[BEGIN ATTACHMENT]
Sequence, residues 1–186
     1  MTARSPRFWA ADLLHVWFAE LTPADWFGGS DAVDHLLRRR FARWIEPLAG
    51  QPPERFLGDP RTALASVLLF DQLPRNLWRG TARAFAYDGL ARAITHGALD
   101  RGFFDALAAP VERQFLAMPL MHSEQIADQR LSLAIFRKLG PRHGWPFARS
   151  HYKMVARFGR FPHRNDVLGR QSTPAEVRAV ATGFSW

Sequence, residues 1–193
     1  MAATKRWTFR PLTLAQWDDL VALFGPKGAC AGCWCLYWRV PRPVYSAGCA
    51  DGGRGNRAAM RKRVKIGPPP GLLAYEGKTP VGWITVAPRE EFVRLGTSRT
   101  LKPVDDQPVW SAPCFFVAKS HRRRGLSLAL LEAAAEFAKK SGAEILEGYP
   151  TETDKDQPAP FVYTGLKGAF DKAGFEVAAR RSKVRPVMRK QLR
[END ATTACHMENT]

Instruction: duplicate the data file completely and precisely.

Sequence, residues 1–186
     1  MTARSPRFWA ADLLHVWFAE LTPADWFGGS DAVDHLLRRR FARWIEPLAG
    51  QPPERFLGDP RTALASVLLF DQLPRNLWRG TARAFAYDGL ARAITHGALD
   101  RGFFDALAAP VERQFLAMPL MHSEQIADQR LSLAIFRKLG PRHGWPFARS
   151  HYKMVARFGR FPHRNDVLGR QSTPAEVRAV ATGFSW

Sequence, residues 1–193
     1  MAATKRWTFR PLTLAQWDDL VALFGPKGAC AGCWCLYWRV PRPVYSAGCA
    51  DGGRGNRAAM RKRVKIGPPP GLLAYEGKTP VGWITVAPRE EFVRLGTSRT
   101  LKPVDDQPVW SAPCFFVAKS HRRRGLSLAL LEAAAEFAKK SGAEILEGYP
   151  TETDKDQPAP FVYTGLKGAF DKAGFEVAAR RSKVRPVMRK QLR